Jus Quaesitum Tertio Law and Legal Definition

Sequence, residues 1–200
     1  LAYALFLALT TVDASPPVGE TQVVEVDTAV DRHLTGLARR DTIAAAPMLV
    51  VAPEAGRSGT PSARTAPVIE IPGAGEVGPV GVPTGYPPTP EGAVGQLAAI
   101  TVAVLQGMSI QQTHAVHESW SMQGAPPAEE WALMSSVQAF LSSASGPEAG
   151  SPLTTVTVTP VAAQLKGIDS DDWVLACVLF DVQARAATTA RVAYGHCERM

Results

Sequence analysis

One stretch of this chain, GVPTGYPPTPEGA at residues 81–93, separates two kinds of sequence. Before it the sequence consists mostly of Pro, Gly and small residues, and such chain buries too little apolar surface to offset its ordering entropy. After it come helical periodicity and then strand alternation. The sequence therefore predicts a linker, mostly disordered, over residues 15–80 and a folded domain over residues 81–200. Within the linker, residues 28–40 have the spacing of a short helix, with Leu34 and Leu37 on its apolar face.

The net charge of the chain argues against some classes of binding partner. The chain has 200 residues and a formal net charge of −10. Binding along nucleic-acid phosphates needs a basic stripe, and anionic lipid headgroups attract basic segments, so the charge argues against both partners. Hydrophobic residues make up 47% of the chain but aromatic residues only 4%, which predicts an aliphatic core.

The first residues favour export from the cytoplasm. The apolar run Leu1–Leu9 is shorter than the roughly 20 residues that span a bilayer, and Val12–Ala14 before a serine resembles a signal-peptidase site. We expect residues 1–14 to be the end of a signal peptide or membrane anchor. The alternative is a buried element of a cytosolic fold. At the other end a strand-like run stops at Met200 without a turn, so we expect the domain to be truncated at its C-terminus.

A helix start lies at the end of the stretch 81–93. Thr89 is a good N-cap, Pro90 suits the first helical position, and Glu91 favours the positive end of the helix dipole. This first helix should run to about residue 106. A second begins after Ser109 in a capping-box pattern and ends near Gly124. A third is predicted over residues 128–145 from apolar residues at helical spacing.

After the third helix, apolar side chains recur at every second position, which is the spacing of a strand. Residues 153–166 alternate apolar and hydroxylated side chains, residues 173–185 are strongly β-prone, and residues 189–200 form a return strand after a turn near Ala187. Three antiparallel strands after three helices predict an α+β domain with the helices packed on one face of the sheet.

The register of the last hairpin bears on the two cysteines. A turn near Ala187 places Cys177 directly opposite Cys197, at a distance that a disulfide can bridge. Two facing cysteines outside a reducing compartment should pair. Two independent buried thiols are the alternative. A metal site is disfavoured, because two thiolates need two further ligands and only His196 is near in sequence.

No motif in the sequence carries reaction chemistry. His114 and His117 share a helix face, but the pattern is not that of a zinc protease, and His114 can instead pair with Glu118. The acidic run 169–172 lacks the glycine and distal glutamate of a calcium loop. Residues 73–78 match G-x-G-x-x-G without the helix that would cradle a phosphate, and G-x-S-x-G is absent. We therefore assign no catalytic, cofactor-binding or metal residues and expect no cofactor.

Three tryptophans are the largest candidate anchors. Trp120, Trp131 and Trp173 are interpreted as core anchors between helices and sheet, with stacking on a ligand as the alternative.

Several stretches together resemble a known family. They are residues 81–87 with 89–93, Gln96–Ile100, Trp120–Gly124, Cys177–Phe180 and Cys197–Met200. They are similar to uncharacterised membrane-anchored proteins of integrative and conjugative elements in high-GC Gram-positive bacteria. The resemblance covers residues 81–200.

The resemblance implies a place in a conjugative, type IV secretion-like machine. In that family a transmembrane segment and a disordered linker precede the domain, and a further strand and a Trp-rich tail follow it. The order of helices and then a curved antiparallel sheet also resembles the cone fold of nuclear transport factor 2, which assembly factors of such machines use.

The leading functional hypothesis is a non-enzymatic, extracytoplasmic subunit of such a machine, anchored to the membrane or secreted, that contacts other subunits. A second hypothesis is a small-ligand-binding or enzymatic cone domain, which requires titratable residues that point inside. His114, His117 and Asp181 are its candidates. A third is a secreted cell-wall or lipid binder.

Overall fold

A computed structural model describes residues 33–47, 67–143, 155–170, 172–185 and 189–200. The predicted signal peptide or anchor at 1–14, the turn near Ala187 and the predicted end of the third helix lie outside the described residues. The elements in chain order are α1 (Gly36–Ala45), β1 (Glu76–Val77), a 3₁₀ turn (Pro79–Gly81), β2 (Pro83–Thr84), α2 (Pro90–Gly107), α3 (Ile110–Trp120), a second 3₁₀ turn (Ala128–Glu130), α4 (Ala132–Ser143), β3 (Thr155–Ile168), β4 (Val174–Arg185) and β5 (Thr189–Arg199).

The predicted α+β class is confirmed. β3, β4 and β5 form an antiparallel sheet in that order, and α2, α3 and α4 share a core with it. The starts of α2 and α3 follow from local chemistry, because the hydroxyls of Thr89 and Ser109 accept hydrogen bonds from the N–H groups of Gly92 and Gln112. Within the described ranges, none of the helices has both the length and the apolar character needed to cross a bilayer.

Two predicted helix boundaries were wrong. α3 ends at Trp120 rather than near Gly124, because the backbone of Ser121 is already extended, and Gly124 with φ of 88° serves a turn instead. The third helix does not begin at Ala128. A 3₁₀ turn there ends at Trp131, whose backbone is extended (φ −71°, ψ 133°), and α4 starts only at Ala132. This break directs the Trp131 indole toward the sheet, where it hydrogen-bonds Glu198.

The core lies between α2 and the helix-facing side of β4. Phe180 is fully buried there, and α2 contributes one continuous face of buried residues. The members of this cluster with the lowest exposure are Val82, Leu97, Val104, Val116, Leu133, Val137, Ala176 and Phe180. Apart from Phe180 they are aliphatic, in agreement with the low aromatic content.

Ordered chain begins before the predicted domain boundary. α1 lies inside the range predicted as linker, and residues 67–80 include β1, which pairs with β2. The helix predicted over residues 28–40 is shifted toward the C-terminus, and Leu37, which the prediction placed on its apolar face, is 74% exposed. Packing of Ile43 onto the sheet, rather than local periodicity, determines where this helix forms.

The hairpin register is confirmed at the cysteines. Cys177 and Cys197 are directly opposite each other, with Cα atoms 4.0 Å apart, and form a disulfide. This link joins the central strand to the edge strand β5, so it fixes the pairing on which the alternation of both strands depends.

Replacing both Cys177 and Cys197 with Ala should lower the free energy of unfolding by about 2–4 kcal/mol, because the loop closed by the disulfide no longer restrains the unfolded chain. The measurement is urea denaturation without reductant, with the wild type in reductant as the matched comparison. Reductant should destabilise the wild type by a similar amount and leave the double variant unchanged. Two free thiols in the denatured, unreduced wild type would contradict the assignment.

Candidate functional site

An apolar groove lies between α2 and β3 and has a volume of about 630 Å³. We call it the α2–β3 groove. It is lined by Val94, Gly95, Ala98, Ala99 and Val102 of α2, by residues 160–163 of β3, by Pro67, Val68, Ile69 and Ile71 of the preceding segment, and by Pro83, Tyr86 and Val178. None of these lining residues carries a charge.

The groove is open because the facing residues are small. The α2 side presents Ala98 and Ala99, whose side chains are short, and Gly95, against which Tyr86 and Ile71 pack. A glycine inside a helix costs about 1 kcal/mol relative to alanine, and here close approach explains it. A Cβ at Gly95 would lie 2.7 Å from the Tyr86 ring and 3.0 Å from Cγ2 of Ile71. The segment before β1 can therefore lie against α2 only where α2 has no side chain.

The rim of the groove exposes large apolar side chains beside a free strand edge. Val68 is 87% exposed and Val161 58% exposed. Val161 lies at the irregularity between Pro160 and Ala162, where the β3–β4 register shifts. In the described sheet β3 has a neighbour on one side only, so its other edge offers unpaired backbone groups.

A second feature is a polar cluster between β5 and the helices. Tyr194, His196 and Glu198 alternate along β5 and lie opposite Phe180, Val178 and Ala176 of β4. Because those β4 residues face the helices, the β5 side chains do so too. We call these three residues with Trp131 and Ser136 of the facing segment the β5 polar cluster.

Generally, a contract cannot confer rights on a third party. However, rights can be conferred on third parties by means of a trust. Jus quaesitum tertio means rights on account of third parties. Contracts may be formed for the benefit of third parties. In order to confer a jus quaesitum tertio on a third party it must appear from the terms of the instrument that the object of the maker was to benefit the third party’s interests. It must be clear from the wording of the contract that both contracting parties intended to confer a benefit on the third party. Third party must be intimated of the benefit contract. Third party is entitled to enforce performance of the contract according to its terms. Moreover, the third party can recover damages for non- performance. To be enforceable, the contract conferring third party benefit must be irrevocable.